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Team McChord honors women with all-female mission

  • Published
  • By Senior Airman Tryphena Mayhugh
  • 62nd Airlift Wing Public Affairs

JOINT BASE LEWIS-MCCHORD, Wash. -- With March being Women’s History Month, it is important to recognize how the role of women in the military has dramatically changed over the years. During the 18th and 19th centuries, women were confined to serving as cooks, seamstresses and nurses. The formation of the Women’s Army Corps in 1941 expanded women’s roles, but women weren’t integrated into the military until 1978, and even then, they weren’t allowed to serve in combat. It wasn’t until 2016 that all combat jobs were opened to women.

Team McChord Airmen came together to complete an all-female flight training mission on a C-17 Globemaster III Dec. 14, 2020, to honor and highlight women in the U.S. Air Force. From the Port Dawgs who loaded the aircraft, maintenance and logistics who prepared the jet for takeoff, to the pilots and loadmasters who flew the training mission, every Airman involved was female.

“I was excited to be a crewmember on an all-female crew,” said Col. Erin Staine-Pyne, 62nd Airlift Wing commander, who participated in the all-female mission. “After more than 20 years of flying, it was the first time I’ve flown with all women. In fact, I’m usually the only female on a crew.”

As of January 2020, women make up 21 percent of all Air Force members, with only 806 of them serving as pilots.

“I’m incredibly proud to lead and serve the men and women of the 62nd Airlift Wing,” Staine-Pyne said. “As a female commander, I bring a different set of experiences and a different perspective, but I’d argue that my goal is the same as my male counterparts … I’m ensuring Airmen are ready to fight and their families have the support to bear the burden of service. There is nothing inherently male or female about my responsibilities.”

There are many moving parts that come together to launch aircraft and missions, with each section providing a critical role in the mission’s success.

Aerial Port

The 62nd Aerial Port Squadron organizes the movement and loading/unloading of both passengers and cargo. They are also in charge of airdrop cargo, implementing safety precautions and procedures for the handling of dangerous materials and providing supplies and meals for aircrew and passengers.

Several female aerial port Airmen were involved in the all-female mission by supplying and uploading the combat offload pallets, which are used by airlift squadrons for training purposes and to maintain qualifications.

“My duty today was the load team chief,” said Senior Airman Rebecca Frazier, 62nd APS airfreight journeyman. “I ensured not only the safety of my load team members, but the safety of the aircraft and all other assets used during the upload. The mission was executed flawlessly. There were no delays and everyone involved ensured a safe, by-the-book departure.”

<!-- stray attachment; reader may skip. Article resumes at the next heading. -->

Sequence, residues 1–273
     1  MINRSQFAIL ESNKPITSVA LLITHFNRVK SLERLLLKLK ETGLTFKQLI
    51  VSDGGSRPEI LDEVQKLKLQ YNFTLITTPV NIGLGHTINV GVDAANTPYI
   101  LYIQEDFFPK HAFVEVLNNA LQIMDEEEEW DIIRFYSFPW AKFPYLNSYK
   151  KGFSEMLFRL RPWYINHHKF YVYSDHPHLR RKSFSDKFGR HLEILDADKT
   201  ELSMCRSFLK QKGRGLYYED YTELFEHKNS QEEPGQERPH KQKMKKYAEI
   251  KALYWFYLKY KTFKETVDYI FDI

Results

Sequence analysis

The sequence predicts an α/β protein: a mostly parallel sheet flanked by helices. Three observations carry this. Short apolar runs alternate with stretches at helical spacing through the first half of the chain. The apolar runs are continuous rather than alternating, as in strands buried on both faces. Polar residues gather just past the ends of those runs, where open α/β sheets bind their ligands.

Some women may feel intimidated joining the military, but it can be a fulfilling path to take.

“It is important to highlight an all-female mission for future generations so they can see that in a male-dominated career field and service, we achieve success on all levels as females,” Frazier said. “I waited until I was 25 to join the Air Force because I didn’t think I was mentally or physically strong enough. Hopefully our younger generations will see what we accomplished here today and think ‘I can do that too.’

“I’m incredibly proud to be a part of today’s mission,” she continued. “The fact that every squadron had enough females to make the mission happen today shows the direction the Air Force is headed and how females are an important part of the military.”

Maintenance, Logistics Readiness

The 62nd Aircraft Maintenance Squadron services the C-17, ensures inspections are up to date and preps the jet for launch, while the 627th Logistics Readiness Squadron provides installation logistics processes related to vehicles, cargo movement, passenger movement, personal property, supplies, equipment, deployment planning and operations, fuels, munitions and logistics plans.

For the all-female mission, the maintenance Airmen prepped the aircraft for launch and ensured the faults, gear, exterior and interior of the plane were ready for the mission. The logistics readiness Airmen refueled the aircraft when it landed back at McChord Field after completing its training mission.